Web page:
It’s difficult to put a child in time-out while hosting a meeting or put a toddler down for a nap when you’re on a video call and few things are more nerve-wracking than being in the middle of changing a dirty diaper, your phone rings, and the name on the screen is your boss (or your boss’s boss).

As I’m typing this, I’m answering emails, texts, and phone calls for work, and submitting data to the state and federal government while simultaneously making grilled cheese for lunch, making preparations for dinner, folding laundry, and preventing my younger child from drawing on the furniture or sending an email full of gibberish to the CFO while also trying to help my older one with her math homework.

Everyone has a job to do and some things cannot wait, but the expectations put on working parents of young children during this time have been outrageous and have led to heartbreaking moments like my older daughter being forced to wait over an hour for help with her schoolwork while the younger one is crying because she’s overdue for her nap but neither of us can leave our respective virtual meetings.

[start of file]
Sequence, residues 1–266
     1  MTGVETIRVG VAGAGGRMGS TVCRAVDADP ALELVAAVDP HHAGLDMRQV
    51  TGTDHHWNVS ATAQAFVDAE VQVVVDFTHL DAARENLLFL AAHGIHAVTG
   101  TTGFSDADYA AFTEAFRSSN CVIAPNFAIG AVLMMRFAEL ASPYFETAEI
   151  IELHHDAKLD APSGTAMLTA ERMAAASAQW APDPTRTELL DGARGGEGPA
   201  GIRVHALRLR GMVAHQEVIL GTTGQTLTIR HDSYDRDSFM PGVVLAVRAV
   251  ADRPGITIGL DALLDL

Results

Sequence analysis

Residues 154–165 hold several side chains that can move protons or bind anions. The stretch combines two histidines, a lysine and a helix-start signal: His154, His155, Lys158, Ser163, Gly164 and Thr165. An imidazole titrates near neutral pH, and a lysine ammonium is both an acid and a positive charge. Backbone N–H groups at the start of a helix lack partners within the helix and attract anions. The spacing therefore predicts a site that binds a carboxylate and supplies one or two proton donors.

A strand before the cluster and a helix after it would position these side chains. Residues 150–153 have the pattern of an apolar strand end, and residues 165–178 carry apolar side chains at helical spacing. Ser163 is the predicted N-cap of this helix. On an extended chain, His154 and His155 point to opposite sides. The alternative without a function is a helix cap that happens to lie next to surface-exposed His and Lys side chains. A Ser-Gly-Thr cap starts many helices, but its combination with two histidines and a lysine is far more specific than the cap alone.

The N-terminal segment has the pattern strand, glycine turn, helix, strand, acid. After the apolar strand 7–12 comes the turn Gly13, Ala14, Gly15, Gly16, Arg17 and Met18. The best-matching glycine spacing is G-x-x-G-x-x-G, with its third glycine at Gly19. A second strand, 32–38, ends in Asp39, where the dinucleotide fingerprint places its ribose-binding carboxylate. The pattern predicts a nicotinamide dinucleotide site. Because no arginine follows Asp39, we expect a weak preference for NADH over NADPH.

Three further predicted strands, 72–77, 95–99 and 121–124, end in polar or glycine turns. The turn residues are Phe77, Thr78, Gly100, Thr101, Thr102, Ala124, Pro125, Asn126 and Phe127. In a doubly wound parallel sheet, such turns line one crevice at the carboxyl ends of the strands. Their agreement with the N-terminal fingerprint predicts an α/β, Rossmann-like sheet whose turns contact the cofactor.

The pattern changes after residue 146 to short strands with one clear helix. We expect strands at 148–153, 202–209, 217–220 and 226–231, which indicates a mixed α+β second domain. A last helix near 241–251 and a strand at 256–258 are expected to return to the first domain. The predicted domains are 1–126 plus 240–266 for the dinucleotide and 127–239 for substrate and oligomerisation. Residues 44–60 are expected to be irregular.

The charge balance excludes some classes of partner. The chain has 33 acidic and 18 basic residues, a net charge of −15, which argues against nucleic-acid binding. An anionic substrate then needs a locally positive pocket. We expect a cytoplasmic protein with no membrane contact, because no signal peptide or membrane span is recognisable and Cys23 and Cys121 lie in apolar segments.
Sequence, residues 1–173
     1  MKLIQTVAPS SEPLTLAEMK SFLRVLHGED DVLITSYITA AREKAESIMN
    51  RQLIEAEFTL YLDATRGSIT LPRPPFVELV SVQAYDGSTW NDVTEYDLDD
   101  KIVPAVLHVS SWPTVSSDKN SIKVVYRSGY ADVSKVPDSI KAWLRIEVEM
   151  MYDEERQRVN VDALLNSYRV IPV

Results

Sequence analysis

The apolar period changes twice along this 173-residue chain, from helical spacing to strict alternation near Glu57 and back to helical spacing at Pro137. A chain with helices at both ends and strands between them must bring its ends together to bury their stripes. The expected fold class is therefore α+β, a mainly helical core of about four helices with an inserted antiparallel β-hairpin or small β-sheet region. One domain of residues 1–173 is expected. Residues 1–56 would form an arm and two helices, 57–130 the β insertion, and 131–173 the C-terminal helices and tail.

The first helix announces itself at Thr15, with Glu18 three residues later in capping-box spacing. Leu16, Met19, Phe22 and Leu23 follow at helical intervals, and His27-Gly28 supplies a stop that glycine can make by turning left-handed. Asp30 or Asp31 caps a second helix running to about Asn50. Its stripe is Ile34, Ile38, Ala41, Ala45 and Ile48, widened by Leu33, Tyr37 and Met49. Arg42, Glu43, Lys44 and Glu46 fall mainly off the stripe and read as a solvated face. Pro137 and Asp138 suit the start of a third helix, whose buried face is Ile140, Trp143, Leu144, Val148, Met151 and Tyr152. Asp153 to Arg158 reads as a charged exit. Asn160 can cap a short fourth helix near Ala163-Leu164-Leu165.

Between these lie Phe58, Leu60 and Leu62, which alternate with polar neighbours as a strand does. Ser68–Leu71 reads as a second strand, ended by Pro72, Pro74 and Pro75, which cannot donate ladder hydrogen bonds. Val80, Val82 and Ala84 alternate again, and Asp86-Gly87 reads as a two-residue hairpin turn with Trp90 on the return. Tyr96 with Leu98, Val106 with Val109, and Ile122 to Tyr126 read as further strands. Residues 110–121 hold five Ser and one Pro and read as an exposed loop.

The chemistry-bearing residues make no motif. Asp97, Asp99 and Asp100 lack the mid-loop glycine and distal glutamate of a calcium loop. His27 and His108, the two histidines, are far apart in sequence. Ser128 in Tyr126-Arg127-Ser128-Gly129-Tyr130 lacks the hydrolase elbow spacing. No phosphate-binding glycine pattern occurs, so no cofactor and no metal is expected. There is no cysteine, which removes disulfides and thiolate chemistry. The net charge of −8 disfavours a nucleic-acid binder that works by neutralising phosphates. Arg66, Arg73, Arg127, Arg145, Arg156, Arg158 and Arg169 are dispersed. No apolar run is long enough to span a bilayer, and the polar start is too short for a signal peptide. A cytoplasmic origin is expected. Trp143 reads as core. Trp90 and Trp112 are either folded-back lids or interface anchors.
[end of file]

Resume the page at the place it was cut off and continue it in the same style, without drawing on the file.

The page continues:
We’re not alone. One New York City parent summed it up perfectly: “To teach them and to do my work is fucking insane. I’ve worked from home before, but I never had to teach them.”

In (previous) normal times, I was mobbed from the moment I came home. Every time I walked through the door was like the ending of It’s a Wonderful Life.